Comment: Bad documentation is very, very expensive (Score 1) 199

by sandbagger (#47672267) Attached to: Ask Slashdot: Should You Invest In Documentation, Or UX?

Being able to articulate your decisions, why and how things are built is a core competence. You will "pay" for poor documentation. It may never show up as a line item, but it can be costly.

It also needs to be someone's job. Depending upon engineers or the sales guys to generate documentation, courseware and manuals is a fast way to jack up your tech support costs.

Comment: High IQ means you scored well on a test type (Score 1) 391

by sandbagger (#47654123) Attached to: Is "Scorpion" Really a Genius?

Nothing else.

First off, there are two Mensa-grade IQs on every bus at rush hour, statistically. Secondly, High IQ and no ability in music will not make you a 'genius' in music. High IQ and no work ethic will mean you'll end up in your underpants, yelling at the TV about the government.

At best, high IQ is useful for certain types pf intellectual problem solving. That's it.

Comment: A great, great company once (Score 2) 59

by sandbagger (#47609163) Attached to: Ex-Autonomy CFO: HP Trying To Hide Truth

When I was a kid, HP meant rock solid. They made bench test gear you could drive a car over. Then something happened. They turned into a company that would install a root kit on a reporter's computer because of an exposé -- rather than fix the problem revealed.

I remember the very last time I bought something from HP. It was a CD burner that came out of the box broken.

There was a book called How HP Lost Its Way that came out a few years ago. I never read it but I'd say that these recent events are current data points on a long term trend, not anything new.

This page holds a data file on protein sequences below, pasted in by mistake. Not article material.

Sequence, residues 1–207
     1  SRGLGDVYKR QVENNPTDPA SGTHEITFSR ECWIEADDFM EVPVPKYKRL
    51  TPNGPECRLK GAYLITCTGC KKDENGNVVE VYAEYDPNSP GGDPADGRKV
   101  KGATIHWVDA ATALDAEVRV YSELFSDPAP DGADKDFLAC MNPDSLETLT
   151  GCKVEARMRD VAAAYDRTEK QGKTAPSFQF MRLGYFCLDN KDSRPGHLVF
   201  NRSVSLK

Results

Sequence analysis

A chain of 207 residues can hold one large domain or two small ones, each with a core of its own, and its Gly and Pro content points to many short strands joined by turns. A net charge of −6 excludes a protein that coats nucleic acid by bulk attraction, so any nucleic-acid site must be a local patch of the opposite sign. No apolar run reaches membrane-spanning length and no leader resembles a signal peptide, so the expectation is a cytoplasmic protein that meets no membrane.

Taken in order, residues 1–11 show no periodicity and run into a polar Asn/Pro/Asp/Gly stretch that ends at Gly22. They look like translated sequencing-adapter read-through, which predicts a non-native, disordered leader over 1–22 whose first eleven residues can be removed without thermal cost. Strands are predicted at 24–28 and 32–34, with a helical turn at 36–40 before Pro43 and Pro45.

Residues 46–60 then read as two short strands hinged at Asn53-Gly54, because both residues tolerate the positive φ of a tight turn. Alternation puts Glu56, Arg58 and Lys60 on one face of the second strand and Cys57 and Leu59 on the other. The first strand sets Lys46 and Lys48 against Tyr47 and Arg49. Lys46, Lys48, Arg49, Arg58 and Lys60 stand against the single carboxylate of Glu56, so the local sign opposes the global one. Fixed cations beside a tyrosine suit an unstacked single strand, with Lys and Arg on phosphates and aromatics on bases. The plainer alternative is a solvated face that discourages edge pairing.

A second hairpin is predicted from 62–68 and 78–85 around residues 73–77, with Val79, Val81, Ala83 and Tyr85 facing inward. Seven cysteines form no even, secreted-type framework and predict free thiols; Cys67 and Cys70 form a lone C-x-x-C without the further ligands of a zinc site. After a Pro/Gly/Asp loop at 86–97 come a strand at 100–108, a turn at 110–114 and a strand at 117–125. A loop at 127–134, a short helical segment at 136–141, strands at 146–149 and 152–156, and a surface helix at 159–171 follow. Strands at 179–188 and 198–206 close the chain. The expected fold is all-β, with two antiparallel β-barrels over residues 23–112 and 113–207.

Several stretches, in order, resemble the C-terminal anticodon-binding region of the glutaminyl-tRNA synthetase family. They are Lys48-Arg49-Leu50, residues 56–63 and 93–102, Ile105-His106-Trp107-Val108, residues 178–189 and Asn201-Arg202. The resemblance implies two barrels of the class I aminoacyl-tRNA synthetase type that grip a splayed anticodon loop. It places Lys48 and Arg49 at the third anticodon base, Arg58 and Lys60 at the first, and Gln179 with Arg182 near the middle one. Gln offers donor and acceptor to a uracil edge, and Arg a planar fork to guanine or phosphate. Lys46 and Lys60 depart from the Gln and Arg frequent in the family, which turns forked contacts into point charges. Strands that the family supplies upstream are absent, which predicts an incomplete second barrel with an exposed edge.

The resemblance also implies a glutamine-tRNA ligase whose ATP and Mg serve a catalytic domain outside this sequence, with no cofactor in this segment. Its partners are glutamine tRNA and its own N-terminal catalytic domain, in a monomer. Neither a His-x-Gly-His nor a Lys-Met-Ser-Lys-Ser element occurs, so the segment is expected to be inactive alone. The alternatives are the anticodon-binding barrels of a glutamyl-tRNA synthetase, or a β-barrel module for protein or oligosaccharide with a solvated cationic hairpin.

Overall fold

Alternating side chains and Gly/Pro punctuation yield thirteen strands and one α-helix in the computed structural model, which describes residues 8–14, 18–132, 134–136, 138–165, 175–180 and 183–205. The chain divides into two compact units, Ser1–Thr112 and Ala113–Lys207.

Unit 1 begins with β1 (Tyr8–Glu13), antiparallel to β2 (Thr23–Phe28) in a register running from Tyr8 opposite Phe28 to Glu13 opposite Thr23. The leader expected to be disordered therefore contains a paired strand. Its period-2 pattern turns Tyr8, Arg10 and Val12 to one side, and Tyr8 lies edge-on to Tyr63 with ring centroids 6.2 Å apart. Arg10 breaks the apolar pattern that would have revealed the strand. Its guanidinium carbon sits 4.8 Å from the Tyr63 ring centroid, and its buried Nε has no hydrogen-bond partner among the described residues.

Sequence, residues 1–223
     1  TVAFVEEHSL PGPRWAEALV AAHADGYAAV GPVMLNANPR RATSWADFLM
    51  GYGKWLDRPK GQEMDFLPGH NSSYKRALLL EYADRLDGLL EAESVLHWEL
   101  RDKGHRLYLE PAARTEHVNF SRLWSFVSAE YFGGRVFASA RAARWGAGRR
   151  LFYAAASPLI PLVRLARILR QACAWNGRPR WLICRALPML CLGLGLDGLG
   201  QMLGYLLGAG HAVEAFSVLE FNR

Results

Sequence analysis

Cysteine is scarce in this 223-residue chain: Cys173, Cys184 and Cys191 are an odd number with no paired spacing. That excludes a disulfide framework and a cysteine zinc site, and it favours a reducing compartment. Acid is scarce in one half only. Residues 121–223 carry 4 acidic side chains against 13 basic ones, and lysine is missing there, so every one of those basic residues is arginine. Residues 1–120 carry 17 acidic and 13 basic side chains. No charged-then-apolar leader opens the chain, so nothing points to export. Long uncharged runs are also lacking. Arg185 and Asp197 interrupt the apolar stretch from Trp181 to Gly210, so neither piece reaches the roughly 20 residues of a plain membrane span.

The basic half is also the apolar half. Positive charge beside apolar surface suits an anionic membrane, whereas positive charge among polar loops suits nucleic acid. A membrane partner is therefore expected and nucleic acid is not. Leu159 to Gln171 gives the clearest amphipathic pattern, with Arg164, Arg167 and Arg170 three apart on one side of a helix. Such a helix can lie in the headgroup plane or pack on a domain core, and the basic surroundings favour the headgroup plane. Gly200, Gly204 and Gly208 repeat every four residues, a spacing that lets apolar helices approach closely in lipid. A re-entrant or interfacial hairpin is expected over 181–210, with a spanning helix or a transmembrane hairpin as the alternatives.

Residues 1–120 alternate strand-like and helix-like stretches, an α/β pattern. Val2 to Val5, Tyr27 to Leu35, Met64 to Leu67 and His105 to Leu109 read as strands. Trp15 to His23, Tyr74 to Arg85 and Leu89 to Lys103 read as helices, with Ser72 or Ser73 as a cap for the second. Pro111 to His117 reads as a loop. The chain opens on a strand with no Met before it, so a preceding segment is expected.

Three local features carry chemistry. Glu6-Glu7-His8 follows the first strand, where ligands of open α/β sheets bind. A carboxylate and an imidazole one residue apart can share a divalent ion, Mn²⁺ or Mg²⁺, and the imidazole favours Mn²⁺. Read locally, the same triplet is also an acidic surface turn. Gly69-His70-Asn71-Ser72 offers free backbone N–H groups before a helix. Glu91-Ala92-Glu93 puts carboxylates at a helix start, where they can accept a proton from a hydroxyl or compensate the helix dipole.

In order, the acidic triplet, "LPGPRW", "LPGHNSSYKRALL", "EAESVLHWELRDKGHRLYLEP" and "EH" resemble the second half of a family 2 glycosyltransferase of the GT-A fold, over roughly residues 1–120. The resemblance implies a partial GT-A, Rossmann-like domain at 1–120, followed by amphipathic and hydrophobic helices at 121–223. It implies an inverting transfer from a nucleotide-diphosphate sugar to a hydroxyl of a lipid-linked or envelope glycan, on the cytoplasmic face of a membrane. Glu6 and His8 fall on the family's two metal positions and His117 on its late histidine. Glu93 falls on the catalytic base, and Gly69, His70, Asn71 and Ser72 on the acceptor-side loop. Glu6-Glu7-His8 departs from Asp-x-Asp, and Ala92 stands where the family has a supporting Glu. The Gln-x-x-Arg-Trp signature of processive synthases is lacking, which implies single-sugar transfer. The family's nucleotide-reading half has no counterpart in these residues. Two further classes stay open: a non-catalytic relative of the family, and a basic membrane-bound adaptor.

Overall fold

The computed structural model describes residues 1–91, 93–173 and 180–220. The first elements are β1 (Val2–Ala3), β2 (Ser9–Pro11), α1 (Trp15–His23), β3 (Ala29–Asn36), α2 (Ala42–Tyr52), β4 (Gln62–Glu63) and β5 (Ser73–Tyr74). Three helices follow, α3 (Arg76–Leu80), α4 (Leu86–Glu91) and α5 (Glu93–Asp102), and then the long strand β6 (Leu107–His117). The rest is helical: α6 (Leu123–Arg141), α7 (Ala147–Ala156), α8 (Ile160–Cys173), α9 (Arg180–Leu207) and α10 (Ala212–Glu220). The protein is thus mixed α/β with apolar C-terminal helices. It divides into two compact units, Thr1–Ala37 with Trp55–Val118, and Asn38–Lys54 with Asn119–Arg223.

+ - Motley Crüe's interesting take on photography copyright-> 1

Submitted by sandbagger
sandbagger (654585) writes "Concert photography sounds like a great job but like anything else, it's tough to make a dollar. The heavy metal band Motley Crüe's most recent photography licence appears to be making that harder. A leaked copy claims that "Licensor agrees that it shall not license any of the Materials (or shall not exploit any of the Materials) without the written consent of the Licensee which shall be withheld in Licensee’s sole discretion." Effectively, that professional photographers relinquish their copyright. This is followed by a secrecy clause that you can read more about on PetaPixel."
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Comment: Required quote from Casablanca (Score 5, Interesting) 217

Major Strasser: We have a complete dossier on you: Richard Blaine, American, age 37. Cannot return to his country. The reason is a little vague. We also know what you did in Paris, Mr. Blaine, and also we know why you left Paris.
[hands the dossier to Rick]
Major Strasser: Don't worry, we are not going to broadcast it.
Rick: [reading] Are my eyes really brown?

"The value of marriage is not that adults produce children, but that children produce adults." -- Peter De Vries